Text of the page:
That was what we all needed.
The United States men's national team defeated Guatemala 3-1 Tuesday night at Livestrong Sporting Park in Kansas City, Kan. With the victory, the Americans qualified for the final round of CONCACAF World Cup qualifying, sent Guatemala home (thanks to an assist from Jamaica), and calmed their fans' severely frayed nerves.
Clint Dempsey netted two goals and captain Carlos Bocanegra also scored as the U.S. overturned a surprising early deficit. Unlike in previous matches, Jurgen Klinsmann's team capitalized on its advantage in the first half and effectively protected it in the second.
As the U.S. moves on to the final-round hexagonal, here are seven things we learned from Tuesday's qualifier.
For once, the United States didn't cough up a lead. In fact, this time the Yanks turned around a deficit.
The U.S. dropped points twice after scoring first in the semifinal round, drawing at Guatemala and losing at Jamaica.
It didn't happen Tuesday, and the key—and, yes, this does sound incredibly obvious—was the fact that the Americans scored relatively quickly after taking the lead.
Clint Dempsey's goal in the 18th minute put the U.S. ahead for the first time. The next goal—Dempsey's second of the night—did take 18 more minutes to come, but the U.S. pressed throughout that time.
For once, they pressed its advantage after taking the lead. And in the second half, Jurgen Klinsmann's team successfully defended it.
For weary American fans, it was a welcome change.
It still needs work. Lots of work.
Especially in the opening minutes of the first half, the defense was disorganized and in all fairness dreadful. The center-backs drifted too far apart, communication was poor and the shape often fell apart when Guatemala had the ball.
The defensive performance improved as the game progressed, but it was still shaky enough to warrant concern heading into the final round of qualifying.
Graham Zusi, too.
Eddie Johnson has scored 10 goals for the U.S. in qualifying. That's nothing to sneeze at, whether you're a fringe U.S. international or Lionel Messi.
Johnson didn't score Tuesday, but he was sharp again on the left in what admittedly is not his favored position. Johnson set up the Americans' second goal from the right and showed abundant confidence in taking on defenders throughout the match.
Besides, his goals Friday against Antigua were crucial. He deserves more time with the team after his long hiatus.
37' USA 2:1 Guatemala. Eddie Johnson spoke to me about his confidence being sky-high yesterday. Can see it every time he's on the ball.— Grant Wahl (@GrantWahl) October 16, 2012
Herculez Gomez was another player brought back into the fold by Jurgen Klinsmann. He, too, has impressed since his return and deserves more time with the team as World Cup qualification continues in 2013.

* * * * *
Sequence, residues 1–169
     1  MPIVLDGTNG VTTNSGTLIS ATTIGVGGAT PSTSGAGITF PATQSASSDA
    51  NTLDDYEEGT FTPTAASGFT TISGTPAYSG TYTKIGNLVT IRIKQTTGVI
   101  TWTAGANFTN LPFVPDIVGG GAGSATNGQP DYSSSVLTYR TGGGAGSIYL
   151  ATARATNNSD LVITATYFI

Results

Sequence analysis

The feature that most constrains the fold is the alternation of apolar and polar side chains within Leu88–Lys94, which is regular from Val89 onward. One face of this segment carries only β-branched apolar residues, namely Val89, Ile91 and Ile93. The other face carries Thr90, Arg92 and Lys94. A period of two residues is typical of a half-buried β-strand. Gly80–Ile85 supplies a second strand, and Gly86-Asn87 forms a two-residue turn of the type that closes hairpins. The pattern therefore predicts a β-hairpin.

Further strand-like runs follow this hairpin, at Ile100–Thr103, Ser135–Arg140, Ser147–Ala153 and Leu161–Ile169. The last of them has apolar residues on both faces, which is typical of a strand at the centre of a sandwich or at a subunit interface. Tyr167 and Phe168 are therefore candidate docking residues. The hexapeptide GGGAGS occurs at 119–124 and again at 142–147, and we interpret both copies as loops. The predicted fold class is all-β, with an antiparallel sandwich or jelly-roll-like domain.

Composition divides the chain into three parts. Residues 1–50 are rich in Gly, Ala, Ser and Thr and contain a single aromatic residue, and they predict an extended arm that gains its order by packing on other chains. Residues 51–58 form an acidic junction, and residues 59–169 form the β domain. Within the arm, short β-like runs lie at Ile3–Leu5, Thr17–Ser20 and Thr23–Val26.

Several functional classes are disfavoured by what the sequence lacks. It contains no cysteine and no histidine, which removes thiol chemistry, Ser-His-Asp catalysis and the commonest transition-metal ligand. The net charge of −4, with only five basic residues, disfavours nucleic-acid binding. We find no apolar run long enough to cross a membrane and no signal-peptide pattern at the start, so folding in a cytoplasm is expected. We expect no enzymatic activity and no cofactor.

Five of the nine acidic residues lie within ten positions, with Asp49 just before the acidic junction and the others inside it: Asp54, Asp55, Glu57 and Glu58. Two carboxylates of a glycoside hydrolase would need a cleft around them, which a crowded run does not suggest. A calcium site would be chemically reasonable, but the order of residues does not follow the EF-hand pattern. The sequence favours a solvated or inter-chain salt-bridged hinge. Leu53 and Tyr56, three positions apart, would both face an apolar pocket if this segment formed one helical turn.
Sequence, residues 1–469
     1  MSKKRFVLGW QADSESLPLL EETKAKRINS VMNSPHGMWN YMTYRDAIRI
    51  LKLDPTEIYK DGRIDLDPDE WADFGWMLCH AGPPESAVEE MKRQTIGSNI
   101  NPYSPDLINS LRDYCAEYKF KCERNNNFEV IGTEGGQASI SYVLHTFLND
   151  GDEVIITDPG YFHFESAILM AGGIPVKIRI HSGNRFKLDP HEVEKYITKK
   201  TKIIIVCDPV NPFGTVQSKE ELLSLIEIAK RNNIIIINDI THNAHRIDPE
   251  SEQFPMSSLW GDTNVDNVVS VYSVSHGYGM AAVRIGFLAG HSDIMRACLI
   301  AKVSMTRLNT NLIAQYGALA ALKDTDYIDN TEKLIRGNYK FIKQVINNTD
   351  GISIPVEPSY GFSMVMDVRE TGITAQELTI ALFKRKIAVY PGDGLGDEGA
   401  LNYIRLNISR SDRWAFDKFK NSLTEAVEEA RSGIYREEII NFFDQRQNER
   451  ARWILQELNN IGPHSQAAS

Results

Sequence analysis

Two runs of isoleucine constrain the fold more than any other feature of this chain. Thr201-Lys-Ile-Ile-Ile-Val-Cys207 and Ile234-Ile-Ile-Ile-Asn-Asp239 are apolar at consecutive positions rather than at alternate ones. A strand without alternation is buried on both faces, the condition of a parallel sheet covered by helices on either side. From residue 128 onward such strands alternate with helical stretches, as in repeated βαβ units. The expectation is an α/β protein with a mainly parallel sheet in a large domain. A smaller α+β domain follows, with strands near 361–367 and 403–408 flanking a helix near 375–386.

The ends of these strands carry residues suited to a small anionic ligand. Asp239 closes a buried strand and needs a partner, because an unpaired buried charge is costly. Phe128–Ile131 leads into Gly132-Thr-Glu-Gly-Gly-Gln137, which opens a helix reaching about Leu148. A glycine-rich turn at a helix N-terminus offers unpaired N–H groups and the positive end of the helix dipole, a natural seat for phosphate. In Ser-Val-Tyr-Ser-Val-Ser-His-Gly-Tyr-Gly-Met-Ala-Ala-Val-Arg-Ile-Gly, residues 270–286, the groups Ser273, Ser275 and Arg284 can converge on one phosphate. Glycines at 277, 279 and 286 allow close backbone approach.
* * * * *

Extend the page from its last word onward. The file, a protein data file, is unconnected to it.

The same can be said of Zusi, who again impressed in the Landon Donovan role out on the right. Speaking of which…
Wide midfielder Graham Zusi performed well again in the Donovan role, and the U.S. qualified for the final round with two wins in its final two matches—neither of which featured Landon Donovan.
Now, with that said, the U.S. did struggle at times, especially (and famously) in the match at Antigua and Barbuda on Friday. Donovan clearly could have helped the team with his skills and experience.
Now, with that said, the process of moving on from the Donovan era is clearly already under way. Donovan turned 30 this year and featured only sparsely in the semifinal round of qualifying.
Donovan should have a few more good years left, but as he ages, replacing him will become increasingly important. Zusi's continued strong performances should help relieve some of the anxiety in the process.
Michael Bradley pulled the strings in midfield, linking play from the defense to the attack.
Clint Dempsey will gather the headlines, and correctly so. He turned in a crucial, two-goal performance in a game in which the U.S. badly needed goals. He also set up the first after the U.S. fell behind early.
More importantly, Dempsey wasn't the player he was Friday in the Caribbean. In the win over Antigua and Barbuda, Dempsey was largely anonymous and seemed to spend more time glaring at his teammates than finding the ball.
On Tuesday, he was back to being the poster boy for U.S. soccer. He was sharp. His touch was clean. His movement was superb. He was, all in all, outstanding.
Bradley, though, was the maestro who made the U.S. midfield purr. For some time now he has surpassed Landon Donovan in importance to the national side, and it's no stretch to say he rivals Dempsey for the title of the team's most integral player.
Joe Corona entered the match as a second-half substitute, and by appearing in a World Cup qualifying match with the U.S., Corona tied himself to the team permanently.
Corona, 22, represented both Mexico and the U.S. at the youth level (he was also eligible to play for El Salvador).
He made his senior debut with the U.S. earlier this year in a friendly but was not tied to the team permanently until he featured for the country in a competitive fixture.
U.S. midfielder Jermaine Jones sat out the game while serving a one-match suspension for accrued yellow cards. Jones, 30, earned the yellow card during his brief cameo as a substitute during Friday's win over Antigua and Barbuda.
In his absence, the midfield performed well, with Danny Williams occupying the holding role and Michael Bradley linking play with the attack. In short, Jones was not missed at all.
Jones has been a regular during the Klinsmann era, but apart from a nearly automatic booking every time he wears the U.S. jersey, he has contributed little.
So little, in fact, that Jones' regular place in the lineup can no longer be justified.
At the club level, Jones is a valuable contributor to his Champions League side from Germany, Schalke. At the international level, it's not clear where he fits.